Portrait of a Lady: Essay Q&A
1. Describe the Touchett family and their relationship with England.
The first chapter of The Portrait of a Lady begins in the grounds of Gardencourt and this is described as an English country house with a history of its own. The owner, Mr Daniel Touchett, has come to love it and although he is originally from the United States, he has lived in England for 30 years now. His son, Ralph, was taught in the United States, but has also had a stereotypically English education at Oxford.
Although, the father and son have found a niche there and regard Gardencourt as home, Lydia Touchett comes for only visits. She prefers Florence to England and the decision to live away from her family characterizes her as independent, if not aloof, as well as contemptuous of the English lifestyle.
2. Examine the portrayal of the Old and New World.
As a young woman sitting in Albany before the arrival of her aunt, Isabel Archer is described as ‘original’ and we are told of her thirst for knowledge. She is somewhat naive, but also ‘independent’ in her thinking and enjoys questioning others. Her friend Henrietta Stackpole is also described as independent and is thought not to care a straw for what men think of her.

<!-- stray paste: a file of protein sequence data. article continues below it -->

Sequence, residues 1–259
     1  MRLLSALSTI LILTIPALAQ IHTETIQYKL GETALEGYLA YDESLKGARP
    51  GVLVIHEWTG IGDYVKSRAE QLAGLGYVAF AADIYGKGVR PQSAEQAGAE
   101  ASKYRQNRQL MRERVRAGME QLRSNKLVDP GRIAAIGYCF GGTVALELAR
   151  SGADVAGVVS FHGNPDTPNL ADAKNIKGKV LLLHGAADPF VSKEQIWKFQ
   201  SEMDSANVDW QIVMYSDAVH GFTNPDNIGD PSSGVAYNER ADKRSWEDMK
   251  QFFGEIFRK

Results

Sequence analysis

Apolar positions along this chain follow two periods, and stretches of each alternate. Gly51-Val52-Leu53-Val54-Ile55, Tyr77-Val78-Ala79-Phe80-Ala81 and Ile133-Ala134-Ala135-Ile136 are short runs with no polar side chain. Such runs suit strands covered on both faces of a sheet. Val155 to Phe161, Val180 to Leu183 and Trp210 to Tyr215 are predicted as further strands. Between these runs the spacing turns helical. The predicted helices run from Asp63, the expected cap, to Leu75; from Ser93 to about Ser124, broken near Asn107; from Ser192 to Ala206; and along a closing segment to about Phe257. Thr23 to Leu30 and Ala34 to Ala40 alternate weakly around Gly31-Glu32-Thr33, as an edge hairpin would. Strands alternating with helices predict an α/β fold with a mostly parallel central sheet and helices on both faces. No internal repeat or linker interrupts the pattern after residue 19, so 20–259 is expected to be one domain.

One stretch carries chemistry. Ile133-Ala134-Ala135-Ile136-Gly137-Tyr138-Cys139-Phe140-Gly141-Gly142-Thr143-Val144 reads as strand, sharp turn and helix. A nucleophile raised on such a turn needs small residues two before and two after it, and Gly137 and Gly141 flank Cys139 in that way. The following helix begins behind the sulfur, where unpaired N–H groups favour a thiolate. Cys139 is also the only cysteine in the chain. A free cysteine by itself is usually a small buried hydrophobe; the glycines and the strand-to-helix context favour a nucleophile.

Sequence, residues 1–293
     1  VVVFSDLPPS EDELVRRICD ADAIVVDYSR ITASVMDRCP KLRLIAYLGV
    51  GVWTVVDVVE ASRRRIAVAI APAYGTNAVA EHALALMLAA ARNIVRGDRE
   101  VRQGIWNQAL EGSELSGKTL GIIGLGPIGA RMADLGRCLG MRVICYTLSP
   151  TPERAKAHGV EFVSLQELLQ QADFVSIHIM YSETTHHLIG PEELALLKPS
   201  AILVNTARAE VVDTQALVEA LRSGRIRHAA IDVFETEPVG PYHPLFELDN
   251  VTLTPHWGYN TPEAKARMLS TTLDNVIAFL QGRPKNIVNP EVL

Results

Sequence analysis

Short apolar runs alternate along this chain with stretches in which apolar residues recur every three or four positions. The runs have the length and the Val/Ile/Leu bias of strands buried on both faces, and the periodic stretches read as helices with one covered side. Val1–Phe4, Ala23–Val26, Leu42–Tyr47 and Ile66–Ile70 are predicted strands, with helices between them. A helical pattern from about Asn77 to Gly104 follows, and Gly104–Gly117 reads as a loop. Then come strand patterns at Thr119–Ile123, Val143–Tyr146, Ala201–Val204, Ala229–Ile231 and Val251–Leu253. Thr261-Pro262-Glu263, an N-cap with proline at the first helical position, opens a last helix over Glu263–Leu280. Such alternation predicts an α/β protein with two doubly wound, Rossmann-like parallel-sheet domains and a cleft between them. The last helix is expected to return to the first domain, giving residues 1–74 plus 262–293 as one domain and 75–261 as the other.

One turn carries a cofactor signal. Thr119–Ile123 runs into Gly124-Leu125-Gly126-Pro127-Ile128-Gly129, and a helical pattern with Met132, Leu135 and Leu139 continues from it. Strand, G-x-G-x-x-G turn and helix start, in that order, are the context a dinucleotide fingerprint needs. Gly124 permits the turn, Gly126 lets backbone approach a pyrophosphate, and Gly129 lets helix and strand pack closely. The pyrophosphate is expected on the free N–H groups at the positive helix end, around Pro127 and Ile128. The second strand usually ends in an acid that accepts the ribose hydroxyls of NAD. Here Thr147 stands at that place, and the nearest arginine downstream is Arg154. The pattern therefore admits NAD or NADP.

When Isabel comes to Europe, she learns about the closer adherence to propriety and is expected, for example, to have escorts while on her travels. This is just one example of how traditions are seen to be more embedded in the culture of the Old World and it is of interest that the American-born Gilbert Osmond adheres to these the most closely. It may be argued that he embodies the worst traits of the European and has adopted these as a means to feel superior to others.
3. Consider the role of art and art appreciation.
From the title onwards, the narrative makes numerous passing allusions to art and the appreciation of it. When Isabel first visits Gardencourt, for example, she asks Ralph to show her the paintings in the...